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Estimating Treatment Effects in Mover Designs

Peter Hull ()

Papers from arXiv.org

Abstract: Researchers increasingly leverage movement across multiple treatments to estimate causal effects. While these "mover regressions" are often motivated by a linear constant-effects model, it is not clear what they capture under weaker quasi-experimental assumptions. I show that binary treatment mover regressions recover a convex average of four difference-in-difference comparisons and are thus causally interpretable under a standard parallel trends assumption. Estimates from multiple-treatment models, however, need not be causal without stronger restrictions on the heterogeneity of treatment effects and time-varying shocks. I propose a class of two-step estimators to isolate and combine the large set of difference-in-difference quasi-experiments generated by a mover design, identifying mover average treatment effects under conditional-on-covariate parallel trends and effect homogeneity restrictions. I characterize the efficient estimators in this class and derive specification tests based on the model's overidentifying restrictions. Future drafts will apply the theory to the Finkelstein et al. (2016) movers design, analyzing the causal effects of geography on healthcare utilization.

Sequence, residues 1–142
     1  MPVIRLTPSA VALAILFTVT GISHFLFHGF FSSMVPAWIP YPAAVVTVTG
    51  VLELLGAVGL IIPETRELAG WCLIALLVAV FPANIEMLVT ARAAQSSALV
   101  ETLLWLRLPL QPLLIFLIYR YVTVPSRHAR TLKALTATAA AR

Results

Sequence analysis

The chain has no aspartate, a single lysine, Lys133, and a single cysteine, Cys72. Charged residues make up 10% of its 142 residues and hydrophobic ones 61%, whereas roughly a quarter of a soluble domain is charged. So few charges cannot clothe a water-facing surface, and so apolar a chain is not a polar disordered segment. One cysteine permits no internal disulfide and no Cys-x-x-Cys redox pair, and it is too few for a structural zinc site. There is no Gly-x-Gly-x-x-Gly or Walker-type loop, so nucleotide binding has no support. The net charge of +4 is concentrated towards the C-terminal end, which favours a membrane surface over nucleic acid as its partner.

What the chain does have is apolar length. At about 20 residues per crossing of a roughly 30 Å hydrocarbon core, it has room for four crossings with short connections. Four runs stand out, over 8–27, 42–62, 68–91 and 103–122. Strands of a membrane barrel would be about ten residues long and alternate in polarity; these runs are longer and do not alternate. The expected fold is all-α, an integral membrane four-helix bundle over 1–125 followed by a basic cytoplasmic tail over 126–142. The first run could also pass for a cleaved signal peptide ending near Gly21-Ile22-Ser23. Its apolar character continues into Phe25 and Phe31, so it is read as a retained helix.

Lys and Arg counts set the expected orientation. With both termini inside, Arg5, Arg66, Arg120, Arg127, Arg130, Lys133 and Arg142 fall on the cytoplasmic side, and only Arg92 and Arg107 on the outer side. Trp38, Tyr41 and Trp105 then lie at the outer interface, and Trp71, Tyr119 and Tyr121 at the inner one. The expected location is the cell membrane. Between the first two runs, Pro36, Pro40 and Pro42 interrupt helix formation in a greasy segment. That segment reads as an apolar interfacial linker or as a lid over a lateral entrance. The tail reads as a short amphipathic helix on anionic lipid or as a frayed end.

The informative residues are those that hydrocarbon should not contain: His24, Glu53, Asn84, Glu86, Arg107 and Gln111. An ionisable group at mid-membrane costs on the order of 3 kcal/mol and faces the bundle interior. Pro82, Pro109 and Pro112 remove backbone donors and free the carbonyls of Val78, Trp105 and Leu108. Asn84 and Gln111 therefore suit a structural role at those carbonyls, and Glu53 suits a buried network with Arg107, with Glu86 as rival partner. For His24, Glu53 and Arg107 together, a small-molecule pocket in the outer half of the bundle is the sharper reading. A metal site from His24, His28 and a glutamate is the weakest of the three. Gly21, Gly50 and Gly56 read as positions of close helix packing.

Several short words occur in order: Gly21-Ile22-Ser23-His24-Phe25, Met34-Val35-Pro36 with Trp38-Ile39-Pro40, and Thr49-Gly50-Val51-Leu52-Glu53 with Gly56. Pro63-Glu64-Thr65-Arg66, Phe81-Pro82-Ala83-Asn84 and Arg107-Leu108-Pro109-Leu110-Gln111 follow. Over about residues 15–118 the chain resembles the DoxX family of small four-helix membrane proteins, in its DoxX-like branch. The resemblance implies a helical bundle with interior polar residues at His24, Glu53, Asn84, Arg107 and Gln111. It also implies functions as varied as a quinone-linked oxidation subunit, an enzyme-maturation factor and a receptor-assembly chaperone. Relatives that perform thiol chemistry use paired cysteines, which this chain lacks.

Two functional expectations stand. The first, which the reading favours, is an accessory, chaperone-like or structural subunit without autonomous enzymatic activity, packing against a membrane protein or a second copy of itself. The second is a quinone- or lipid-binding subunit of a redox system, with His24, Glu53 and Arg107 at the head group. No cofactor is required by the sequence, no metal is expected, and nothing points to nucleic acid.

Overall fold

New Economics Papers: this item is included in nep-ecm
Date: 2018-04
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